Capitol to Capitol
An Information Service of NCSL's Standing Committees

Volumee 18   Issue 28 - July 29, 2011



Only days remain until the federal government will reach its $14.29 trillion debt limit on Aug. 2, leaving lawmakers scrambling to develop legislation that would both raise the debt ceiling and reduce the federal deficit. Two new competing plans were introduced early this week from Senate Majority Leader Harry Reid of Nevada and House Speaker John Boehner of Ohio. While both offered 10-year discretionary caps with savings of $1.2 trillion and would establish a 12-member committee to find additional savings, they diverged in the approach to raise the debt limit. Speaker Boehner’s proposal would cover the government’s borrowing until the end of 2012, but would force another vote to raise the debt before the 2012 elections. In contrast, Senator Reid’s proposal would reduce the debt by $2.7 trillion through cuts to discretionary spending and reductions from mandatory programs, winding down the wars in Iraq and Afghanistan and interest savings. After the Congressional Budget Office score determined the House plan would not meet its primary goal of cutting $1.2 trillion, the proposal was rewritten to ensure spending reductions would be more than the debt limit is raised and a vote is expected on the legislation Friday. With both Senator Reid’s and Speaker Boehner’s proposals unlikely to pass in their opposing chamber, negotiators will need to find a middle ground to determine when to raise the debt ceiling and by how much. Stay tuned. NCSL staff contacts: Michael Bird, Jeff Hurley.


A report by Moody’s Investor Services indicates the federal government may have company if it loses its AAA rating. Maryland, New Mexico, South Carolina Tennessee and Virginia have all been cited for possible downgrade, if there is a federal default and a corresponding change in the U.S. government rating. These states are deemed to have above average risk according to several risk factors Moody’s used, including employment volatility, federal procurement contacts as a percentage of state GDP and Medicaid as a percentage of total state expenditures. A press release of Moody’s announcement can be viewed here: Additionally, on July 28 Moody’s placed the ratings of 177 U.S. municipal issuers on review for possible downgrade, also largely attributable to a possible the U.S. federal government debt rating downgrade. The governments targeted include 66 cities and 53 counties with the largest number of local issues in Virginia and Massachusetts. NCSL staff contacts: Michael Bird, Jeff Hurley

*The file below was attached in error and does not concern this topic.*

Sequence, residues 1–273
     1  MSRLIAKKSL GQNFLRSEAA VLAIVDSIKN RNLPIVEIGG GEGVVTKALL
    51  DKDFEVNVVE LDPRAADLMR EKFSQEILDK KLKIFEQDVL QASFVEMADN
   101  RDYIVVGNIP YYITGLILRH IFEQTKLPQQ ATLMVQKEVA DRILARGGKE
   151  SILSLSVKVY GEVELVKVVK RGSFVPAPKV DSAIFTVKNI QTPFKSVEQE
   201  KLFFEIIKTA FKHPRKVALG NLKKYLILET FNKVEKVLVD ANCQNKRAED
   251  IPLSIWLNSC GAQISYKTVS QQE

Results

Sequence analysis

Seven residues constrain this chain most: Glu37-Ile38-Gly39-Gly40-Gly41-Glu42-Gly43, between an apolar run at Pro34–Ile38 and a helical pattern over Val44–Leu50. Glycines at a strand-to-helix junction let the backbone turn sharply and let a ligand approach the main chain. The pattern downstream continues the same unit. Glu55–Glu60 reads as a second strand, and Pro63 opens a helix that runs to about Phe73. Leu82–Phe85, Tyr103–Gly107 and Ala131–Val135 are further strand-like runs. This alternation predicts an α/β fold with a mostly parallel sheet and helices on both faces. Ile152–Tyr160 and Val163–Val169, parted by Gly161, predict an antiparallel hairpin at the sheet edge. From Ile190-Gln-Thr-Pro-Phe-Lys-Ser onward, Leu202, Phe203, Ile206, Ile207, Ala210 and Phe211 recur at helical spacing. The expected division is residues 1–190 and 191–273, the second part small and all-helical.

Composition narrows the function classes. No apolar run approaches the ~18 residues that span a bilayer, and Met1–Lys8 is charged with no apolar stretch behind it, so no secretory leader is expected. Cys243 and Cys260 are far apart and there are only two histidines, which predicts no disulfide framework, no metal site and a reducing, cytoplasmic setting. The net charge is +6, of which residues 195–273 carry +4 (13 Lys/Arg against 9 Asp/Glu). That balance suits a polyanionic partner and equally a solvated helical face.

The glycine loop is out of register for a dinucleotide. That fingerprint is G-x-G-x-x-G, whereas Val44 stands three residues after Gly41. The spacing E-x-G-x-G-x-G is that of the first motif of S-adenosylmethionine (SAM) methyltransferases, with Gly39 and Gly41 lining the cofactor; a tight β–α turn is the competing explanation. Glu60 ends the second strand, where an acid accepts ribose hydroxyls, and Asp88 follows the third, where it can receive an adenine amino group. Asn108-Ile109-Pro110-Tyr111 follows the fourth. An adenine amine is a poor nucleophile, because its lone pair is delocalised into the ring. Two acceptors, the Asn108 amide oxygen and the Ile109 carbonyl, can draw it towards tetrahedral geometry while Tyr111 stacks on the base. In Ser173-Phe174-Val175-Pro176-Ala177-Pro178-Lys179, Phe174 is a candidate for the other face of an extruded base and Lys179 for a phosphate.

The House will vote on two balanced-budget amendments in the coming days after the Senate rejected the “cut, cap and balance” bill (H.R. 2560) last week which linked the passage of a debt ceiling increase to a federal balanced budget. The two new proposals, H. J. Res 1 and H. J. Res. 2, would need two-thirds support to pass. H. J. Res. 1 is similar to the balanced-budget provisions in H.R. 2560 that would set spending limits as a percentage of GDP and require two-thirds vote on tax increases. H.J. Res. 2, on the other hand, is “clean” and therefore would exclude spending caps and supermajority needed to raise taxes. NCSL staff contacts: Michael Bird, Jeff Hurley


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